If you’re going to write a book about contemporary politics you need a publisher committed to getting it out quickly. Congratulations to Pluto, then, for bringing this out in less than six months rather than the norm, which can inexplicably be a year or more. This book needs such speed – it is mainly about Italy over the last five to ten years, written from the left.
What has been happening in Italy over the last few years has been very interesting. In the mid-1990s the established parties of the left and right disappeared because people were too disgusted to vote for them. New parties of both left and right then emerged. But more important, particularly since 2001, was the emergence of a mass movement for global justice, which gave birth to an equally huge anti-war movement, and all of this in a country with one of the strongest trade union movements in Europe. As Andrews puts it, ‘The growth of the No Global [anti-capitalist] and workers’ movements defied orthodox explanations about the decline of the organised working class, the erosion of left-right boundaries and the inevitability of neo-liberalism.’
Andrews tells his story pretty well – sometimes through a personal diary of events he witnessed, such as the Genoa protests of 2001 and the European Social Forum in 2002. His analysis of Berlusconi, the ‘post-fascist’ National Alliance and the racist Northern League will be broadly shared by many readers of Socialist Review, as will his rejection of the Italian ‘third way’ embodied by the Left Democrats party, the DS.
But there are serious problems with this book. I found it too impressionistic at times, almost like a travel book. More importantly, it contains several important factual mistakes that will confuse non-experts. For example, Berlusconi’s Forza Italia party was not ‘built on a network of football supporters that had emerged from AC Milan’. The Northern League is not based in Italy’s north east. The site of the Mafia’s most notorious massacre of workers is not a town but a mountain pass, and a new investigation of the murder of an anti-Mafia activist was not due to an excellent film, but to dogged campaigning over 20 years.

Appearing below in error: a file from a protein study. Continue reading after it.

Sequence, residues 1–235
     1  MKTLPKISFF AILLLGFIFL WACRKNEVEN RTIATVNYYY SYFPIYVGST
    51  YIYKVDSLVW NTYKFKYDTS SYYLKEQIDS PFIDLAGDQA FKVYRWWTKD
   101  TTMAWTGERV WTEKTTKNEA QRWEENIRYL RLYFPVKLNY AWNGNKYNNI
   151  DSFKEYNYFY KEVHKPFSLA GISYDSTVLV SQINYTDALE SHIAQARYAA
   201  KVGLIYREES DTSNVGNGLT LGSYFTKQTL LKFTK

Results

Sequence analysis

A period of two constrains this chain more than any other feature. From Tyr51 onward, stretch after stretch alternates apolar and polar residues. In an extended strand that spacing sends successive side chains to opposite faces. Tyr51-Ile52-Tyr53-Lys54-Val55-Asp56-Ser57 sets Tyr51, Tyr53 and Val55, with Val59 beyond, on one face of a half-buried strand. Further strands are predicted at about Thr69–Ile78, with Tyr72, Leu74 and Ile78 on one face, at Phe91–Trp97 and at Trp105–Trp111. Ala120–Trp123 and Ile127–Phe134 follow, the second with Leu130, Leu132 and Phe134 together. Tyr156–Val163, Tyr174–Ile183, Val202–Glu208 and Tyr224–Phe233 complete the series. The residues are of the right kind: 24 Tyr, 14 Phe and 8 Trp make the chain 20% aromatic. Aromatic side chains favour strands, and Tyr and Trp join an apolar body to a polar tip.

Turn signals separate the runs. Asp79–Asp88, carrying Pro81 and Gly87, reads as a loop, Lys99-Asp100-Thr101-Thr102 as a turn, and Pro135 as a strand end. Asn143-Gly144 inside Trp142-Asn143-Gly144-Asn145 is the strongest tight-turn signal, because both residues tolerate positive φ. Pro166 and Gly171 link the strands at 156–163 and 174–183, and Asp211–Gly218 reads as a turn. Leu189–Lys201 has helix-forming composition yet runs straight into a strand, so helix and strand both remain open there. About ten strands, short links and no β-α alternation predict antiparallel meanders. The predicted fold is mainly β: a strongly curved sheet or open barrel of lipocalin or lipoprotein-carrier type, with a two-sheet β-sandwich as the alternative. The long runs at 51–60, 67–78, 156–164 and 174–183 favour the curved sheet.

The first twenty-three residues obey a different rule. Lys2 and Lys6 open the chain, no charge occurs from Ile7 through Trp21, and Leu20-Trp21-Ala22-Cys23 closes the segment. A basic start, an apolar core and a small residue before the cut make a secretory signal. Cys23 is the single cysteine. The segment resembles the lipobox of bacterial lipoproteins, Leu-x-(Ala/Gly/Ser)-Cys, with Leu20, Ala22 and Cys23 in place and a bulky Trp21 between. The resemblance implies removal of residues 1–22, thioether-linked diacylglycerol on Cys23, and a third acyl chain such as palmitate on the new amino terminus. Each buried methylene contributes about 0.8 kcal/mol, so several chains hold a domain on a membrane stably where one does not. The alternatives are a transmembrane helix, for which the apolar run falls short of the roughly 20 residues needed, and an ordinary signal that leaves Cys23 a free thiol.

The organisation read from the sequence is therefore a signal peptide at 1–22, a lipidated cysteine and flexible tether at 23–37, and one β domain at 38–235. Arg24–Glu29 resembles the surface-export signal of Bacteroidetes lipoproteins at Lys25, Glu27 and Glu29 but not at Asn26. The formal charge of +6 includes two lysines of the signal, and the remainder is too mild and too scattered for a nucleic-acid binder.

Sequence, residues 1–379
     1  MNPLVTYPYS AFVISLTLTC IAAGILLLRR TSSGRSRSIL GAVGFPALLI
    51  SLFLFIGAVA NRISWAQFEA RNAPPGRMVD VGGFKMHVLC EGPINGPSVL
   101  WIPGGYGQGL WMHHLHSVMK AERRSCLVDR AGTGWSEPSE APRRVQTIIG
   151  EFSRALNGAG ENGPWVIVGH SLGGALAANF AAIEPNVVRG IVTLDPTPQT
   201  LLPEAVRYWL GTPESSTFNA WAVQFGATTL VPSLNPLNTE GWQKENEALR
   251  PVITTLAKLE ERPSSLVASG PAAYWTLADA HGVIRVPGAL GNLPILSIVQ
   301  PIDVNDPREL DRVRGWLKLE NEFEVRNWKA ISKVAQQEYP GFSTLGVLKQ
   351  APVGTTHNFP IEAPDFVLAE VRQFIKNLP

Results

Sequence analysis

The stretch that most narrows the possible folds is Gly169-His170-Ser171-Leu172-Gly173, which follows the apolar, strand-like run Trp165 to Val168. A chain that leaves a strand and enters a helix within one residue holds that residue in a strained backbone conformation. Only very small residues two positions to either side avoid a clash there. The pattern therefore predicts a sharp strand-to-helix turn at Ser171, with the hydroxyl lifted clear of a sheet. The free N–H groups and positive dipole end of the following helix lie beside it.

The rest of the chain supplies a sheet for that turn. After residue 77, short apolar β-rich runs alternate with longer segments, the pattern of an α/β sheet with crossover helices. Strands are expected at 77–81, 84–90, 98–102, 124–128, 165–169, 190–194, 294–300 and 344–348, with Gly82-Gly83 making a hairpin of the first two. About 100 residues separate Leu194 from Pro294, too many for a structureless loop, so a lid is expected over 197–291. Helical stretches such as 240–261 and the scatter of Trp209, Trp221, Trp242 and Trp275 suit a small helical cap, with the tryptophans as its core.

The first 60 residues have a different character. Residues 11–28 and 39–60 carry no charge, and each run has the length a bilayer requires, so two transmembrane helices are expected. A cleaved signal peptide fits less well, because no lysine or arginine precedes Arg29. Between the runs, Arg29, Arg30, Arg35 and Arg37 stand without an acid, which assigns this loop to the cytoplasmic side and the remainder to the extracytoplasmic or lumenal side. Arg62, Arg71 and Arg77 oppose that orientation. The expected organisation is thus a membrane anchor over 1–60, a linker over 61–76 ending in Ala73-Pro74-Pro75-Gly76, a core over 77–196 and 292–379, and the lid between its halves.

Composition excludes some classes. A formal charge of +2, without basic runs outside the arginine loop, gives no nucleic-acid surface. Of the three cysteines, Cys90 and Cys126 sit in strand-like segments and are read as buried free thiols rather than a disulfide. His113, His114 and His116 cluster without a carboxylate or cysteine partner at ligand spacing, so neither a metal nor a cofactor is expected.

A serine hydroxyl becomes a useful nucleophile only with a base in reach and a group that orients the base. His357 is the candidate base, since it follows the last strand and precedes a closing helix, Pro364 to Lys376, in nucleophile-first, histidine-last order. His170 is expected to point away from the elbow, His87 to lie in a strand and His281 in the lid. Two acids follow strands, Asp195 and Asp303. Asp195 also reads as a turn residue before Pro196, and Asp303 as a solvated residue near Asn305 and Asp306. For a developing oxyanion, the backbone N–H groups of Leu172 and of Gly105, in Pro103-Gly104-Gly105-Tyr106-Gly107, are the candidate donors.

There is little to criticise in his general approval of the ‘new associationism’, and his desire that it conditions and comes together with traditional political structures. His specific choices of what associations to discuss is downright irritating though. The largest two – the social forum and anti-war movements – get very little coverage, whereas the beguiling Slow Food movement (the total opposite of ‘fast food’) gets an entire chapter. A brief movement led by film director Nanni Moretti is praised to the heavens, and it is here that Andrews’s politics emerge clearly: ‘Moretti’s postmodern idea of politics is distinct from the third way in that it envisages an expanded sphere of politics, one that is a fluid and contested realm, open to reinvention and shaped by artists, intellectuals and movements, not solely professional politicians.’
The most informative chapter by far is one that concentrates on resistance in the much-maligned south, and particularly a successful mass movement in a small town earmarked to become Italy’s nuclear waste dustbin. This was one of the clear victories of the last few years. Odd, then, that he doesn’t even mention another key victory just a few miles away – at the Fiat factory in Melfi. In the ‘anything goes’ analysis of postmodernism, the ‘grand narrative’ of the industrial working class no longer exists, so individual film directors can become more important than millions of workers and protesters.
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